The document is also going to be required to be signed and dated by the parent(s) or guardian. It is going to need to follow the law of the state for a power of attorney, in which usually requires the signatures of witnesses, and might also necessitate that it be signed in the presence of a notary public.

Deciding on an Agent

Legally, any mentally capable person over 18 can serve as your agent. It is not required to be a member of your family. Essentially, your agent needs to be someone you trust to care for your child, someone your child is familiar with, and someone that is willing to take the responsibility on.

Duration of a Power of Attorney for Child

The POA should detail when the agent’s authority starts and ends. It can detail that the authority starts immediately, or upon a specific date. Many states restrict the duration of a power of attorney for child to 6 or 12 months. When that is the case, you would need to carry out a new document when the initial one expires. Federal law enables a member of the military to grant a POA for child until the service member gets back from deployment.

Authority Granted

To grant an agent the authority for medical care decisions, you can either carry out a temporary MPOA for child or include this authority as part of a more extensive power of attorney document for child. Normal medical-associated powers comprise of the authority in making medical, dental, and mental-health treatments decisions; and have the accessibility to health records. You could also particularly state any restriction on the power your agent can exercise, and designate your preferences for medical professionals, hospitals, and/or other health care providers.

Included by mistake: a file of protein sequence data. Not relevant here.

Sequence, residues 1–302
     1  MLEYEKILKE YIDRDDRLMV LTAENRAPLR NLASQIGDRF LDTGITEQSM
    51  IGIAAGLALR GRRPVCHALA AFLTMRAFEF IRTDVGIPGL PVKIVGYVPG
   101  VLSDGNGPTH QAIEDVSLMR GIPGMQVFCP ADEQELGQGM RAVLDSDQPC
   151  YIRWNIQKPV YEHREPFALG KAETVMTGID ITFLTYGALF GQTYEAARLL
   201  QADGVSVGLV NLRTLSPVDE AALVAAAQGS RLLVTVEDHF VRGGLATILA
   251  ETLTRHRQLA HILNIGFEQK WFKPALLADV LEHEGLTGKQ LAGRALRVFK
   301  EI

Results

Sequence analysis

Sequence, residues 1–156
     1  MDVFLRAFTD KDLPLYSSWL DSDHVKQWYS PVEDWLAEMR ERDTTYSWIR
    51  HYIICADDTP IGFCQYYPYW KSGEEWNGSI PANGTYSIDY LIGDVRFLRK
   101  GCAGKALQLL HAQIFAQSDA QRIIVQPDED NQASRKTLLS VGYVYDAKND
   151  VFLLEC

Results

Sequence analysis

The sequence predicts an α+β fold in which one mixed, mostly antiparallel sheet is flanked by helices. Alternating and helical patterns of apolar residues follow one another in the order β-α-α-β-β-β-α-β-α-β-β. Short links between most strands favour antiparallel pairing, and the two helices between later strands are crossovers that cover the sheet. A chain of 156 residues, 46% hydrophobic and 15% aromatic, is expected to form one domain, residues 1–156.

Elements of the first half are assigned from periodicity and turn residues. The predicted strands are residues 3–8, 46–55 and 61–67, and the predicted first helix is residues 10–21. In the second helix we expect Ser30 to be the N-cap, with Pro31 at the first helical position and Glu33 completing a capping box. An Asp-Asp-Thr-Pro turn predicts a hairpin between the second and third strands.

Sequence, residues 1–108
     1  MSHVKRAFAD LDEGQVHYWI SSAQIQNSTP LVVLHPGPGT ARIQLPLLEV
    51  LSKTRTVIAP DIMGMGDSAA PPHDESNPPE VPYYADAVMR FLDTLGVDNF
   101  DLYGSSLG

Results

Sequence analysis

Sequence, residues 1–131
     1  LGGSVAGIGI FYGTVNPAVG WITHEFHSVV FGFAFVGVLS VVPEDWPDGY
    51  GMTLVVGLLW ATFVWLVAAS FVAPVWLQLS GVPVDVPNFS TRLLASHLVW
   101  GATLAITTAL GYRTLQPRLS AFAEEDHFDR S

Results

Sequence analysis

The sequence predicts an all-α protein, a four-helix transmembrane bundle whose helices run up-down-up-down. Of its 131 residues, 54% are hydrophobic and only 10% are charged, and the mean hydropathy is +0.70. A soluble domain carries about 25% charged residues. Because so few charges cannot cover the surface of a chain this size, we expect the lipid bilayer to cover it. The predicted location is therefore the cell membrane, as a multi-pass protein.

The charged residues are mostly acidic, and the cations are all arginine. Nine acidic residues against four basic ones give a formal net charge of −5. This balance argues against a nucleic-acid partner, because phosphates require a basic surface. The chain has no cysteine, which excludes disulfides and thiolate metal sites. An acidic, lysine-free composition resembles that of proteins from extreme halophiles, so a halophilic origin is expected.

A more extensive document is typically going to include the authority of enrolling the child in school, consent to participate in extracurricular activities, have the accessibility to school records, go to parent-teacher conferences, and make decisions in regard to the child’s schooling. It can designate particular types of authority or can widely grant typical authority to act on behalf of the child. A lot of states disallow granting an agent specific parental rights, like consenting to marriage or adoption, or the transferring of property of the minor child.

Using a Power of Attorney

The initial signed documentation should be presented to your agent. They are then going to provide copies of the documentation, as required, to health care providers, educational institutes, etc.

Power of Attorney for Child In Conclusion

In certain circumstances a power of attorney for childcare can aid in assuring that your child is going to receive the care they need when you are unable to be readily available.


  1. Edward A. Haman, E. (2022, May 2). How do I get a medical power of attorney for child? LegalZoom. Retrieved May 25, 2022, from